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after me my mother had a daugh- was most excellent : but I that am ter that she nurst at her owne brest, under a command not to grieve att and was infinitely fond of above all the common rate of desolate woe. the rest, and I being of too serious men, while I am studying which a temper was not so pleasing to myf way to moderate my woe, and if it
were possible to augment my love, (Great care being taken to fol. can for the present find out none low the orthography of the writer, more iust to your deare father nor the reader need be under no appre: consolatory to myselfe then the pre. hension as to the correctness of the servation of his memory, which I print, though he should find the need not guild with such flattring same word spelt differently even in commendations as the hired preachthe same line: as un perfect, im- ers doe equally give to the truly and perfect ; son, sonne, &c. The only titularly honourable ; a naked un. deviation we have made from the drest narrative, speaking the simple MS. is in putting the U and V in truth of him, will deck him with their proper places ; they being more substantiall glorie, then all the written promiscuously.]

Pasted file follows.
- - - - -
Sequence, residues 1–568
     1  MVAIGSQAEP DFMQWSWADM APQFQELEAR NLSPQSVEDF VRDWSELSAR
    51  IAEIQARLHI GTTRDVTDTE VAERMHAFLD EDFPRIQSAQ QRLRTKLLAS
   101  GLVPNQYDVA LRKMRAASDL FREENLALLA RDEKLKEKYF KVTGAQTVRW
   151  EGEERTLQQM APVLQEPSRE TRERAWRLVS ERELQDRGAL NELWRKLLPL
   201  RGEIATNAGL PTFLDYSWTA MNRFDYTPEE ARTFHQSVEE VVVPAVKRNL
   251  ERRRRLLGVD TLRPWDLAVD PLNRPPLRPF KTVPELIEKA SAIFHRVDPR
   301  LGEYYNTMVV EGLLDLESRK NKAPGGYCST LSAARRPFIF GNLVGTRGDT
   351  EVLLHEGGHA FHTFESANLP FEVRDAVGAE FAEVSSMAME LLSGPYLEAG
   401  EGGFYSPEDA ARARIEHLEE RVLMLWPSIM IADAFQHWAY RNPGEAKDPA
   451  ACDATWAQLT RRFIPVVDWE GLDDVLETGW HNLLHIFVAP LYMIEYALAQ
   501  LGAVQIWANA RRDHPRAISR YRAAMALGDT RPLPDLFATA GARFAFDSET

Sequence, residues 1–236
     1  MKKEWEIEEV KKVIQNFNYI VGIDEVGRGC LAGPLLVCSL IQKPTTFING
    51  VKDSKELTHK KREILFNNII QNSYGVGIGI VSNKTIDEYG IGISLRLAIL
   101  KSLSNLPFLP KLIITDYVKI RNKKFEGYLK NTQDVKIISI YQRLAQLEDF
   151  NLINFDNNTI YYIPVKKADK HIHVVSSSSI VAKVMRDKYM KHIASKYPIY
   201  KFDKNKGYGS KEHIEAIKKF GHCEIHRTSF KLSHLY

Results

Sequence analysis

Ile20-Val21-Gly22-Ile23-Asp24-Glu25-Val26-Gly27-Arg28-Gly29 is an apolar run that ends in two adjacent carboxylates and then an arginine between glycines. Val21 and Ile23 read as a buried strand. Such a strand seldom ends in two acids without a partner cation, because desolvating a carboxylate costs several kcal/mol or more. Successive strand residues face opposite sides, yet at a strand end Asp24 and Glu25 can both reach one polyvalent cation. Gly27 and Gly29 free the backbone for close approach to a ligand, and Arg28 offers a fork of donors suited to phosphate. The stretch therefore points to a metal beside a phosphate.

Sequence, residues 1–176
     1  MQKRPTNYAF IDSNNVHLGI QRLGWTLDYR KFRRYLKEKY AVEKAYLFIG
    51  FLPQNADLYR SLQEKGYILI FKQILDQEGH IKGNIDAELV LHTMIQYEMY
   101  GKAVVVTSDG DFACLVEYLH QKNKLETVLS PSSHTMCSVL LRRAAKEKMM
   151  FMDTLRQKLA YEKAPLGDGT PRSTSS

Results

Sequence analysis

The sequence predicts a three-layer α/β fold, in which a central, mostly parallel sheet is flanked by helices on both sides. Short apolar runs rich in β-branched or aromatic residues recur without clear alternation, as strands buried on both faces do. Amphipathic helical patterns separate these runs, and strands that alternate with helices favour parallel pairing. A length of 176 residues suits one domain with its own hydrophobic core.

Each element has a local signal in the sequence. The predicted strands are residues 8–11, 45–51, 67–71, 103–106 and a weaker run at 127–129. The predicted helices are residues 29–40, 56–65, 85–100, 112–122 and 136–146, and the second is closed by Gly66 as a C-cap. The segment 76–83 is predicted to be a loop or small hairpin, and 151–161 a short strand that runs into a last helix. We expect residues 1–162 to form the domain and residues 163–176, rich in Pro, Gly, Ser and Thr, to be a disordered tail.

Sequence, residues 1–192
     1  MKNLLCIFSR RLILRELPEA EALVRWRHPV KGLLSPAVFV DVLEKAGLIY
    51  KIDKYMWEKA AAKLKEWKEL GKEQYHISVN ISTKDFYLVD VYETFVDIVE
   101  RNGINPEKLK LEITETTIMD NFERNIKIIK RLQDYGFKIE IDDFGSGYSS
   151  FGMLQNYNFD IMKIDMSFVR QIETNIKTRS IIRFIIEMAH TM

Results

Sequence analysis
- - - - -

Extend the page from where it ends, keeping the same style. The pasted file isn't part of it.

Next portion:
panegyricks the best pens could We shall add to this her affec. ever consecrate to the vertues of tionate and impressive address to the best men. her children, concerning
concerning their « Indeed that resplendant body father.
of light, which the beginning and
ending of his life made up, to disco66 Mrs. Hutchinson to her Children, ver the deformitics of this wicked Concerning their Father.”
age, and to instruct the erring chil.